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On The Road Again

Professional drivers – whether tractor trailer, public transportation, delivery – or one of many other types of drivers, often spend long hours on the roads performing the requirements of their jobs. Their employers, just like any other employer, has the responsibility to provide a safe working environment. With drivers, that presents an interesting situation – the employer is unable to control a lot of the individual variables that comprise the driver’s ‘workplace.’ There are some factors, however, that the employer does have control over – such as the mechanical state of the driver’s vehicle. One of the other factors which has come under closer scrutiny recently is the long hours that drivers often work without taking rests.

Hours of Service Rule Aims to Make Drivers’ Workplaces Safer

Hours of Service regulations are requirements that most drivers must follow if they meet certain criteria. The United States Department of Transportation, Federal Motor Safety Administration, in an effort to make the roads safer for everyone – professional drivers and the driving population in general, put these safety regulations into effect in 2012 after being published in 2011. Generally, if a vehicle is used in an interstate commerce business, the driver must follow the Hours of Service regulations if any of the following apply:

  • The vehicle weighs over 10,000 pounds;
  • The vehicle is used to transport more than 16 people and the driver is not compensated;
  • The vehicle is used to transport more than nine people and the driver is compensated; and
  • The vehicle is carrying hazardous materials in large quantities.

These regulations have been in effect for the last several years and are currently undergoing revisions, but the general purpose is to require drivers carrying certain types of cargo – goods or people – to get enough rest to avoid creating dangerous conditions on the road due to driver fatigue. The regulations themselves set forth specific requirements for the number of hours of rest breaks compared to the number of hours driving.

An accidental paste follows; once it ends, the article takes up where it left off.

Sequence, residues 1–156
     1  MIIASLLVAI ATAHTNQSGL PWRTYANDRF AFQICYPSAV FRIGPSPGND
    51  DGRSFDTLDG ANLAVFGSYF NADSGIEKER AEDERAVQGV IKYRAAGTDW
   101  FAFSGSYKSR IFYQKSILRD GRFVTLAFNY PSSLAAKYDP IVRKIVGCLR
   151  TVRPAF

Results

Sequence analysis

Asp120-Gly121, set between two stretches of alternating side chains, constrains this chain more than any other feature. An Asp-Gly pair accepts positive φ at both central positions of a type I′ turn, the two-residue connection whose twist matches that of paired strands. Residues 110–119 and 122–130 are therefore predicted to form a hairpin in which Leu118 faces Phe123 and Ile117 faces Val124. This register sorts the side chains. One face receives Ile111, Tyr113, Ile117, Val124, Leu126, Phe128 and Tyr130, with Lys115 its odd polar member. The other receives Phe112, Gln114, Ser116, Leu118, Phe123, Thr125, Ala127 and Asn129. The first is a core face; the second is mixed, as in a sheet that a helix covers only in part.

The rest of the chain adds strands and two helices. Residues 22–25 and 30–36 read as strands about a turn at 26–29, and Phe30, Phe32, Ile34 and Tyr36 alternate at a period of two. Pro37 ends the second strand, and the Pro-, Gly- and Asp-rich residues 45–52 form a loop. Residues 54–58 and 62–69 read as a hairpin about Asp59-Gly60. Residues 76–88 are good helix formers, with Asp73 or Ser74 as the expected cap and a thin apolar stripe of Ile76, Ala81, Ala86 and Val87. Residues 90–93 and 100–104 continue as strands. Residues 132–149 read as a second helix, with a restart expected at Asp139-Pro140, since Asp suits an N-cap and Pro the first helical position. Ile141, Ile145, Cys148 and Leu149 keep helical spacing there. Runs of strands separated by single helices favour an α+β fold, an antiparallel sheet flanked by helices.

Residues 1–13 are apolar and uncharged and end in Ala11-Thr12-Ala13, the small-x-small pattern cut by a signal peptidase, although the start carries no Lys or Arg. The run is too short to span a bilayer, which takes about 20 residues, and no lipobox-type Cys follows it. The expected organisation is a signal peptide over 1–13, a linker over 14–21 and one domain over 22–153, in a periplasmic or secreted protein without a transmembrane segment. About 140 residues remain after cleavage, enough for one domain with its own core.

If I Am Injured During a Long Haul on the Open Road, Is My Employer Required to Provide Workers’ Compensation?

Employees are entitled to receive workers’ compensation benefits if they are injured on the job. An employer is required to provide workers’ compensation to any injured worker regardless of the circumstances, if the injury was incurred while on the job. As with everything, of course there are some exceptions, but with respect to workers’ compensation in Georgia, the limitations are quite narrow – aside from injuries that occur exclusively as the result of an employee’s willful misconduct, the employer is required to comply and provide the workers’ compensation benefits.

For Your Workers’ Compensation Questions, Contact Bader Scott Injury Lawyers

When you or a loved one have been injured on the job, you need answers  – and you need them now. Contact the knowledgeable Atlanta workers’ compensation attorneys at Bader Scott Injury Lawyers to schedule an appointment to sit down with us to discuss your case. We have the experience with all types of workplace injury matters to answer all your questions and help you get started with your case. Contact us to get started – schedule your consultation online today.

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Seth Bader
(678) 562-5595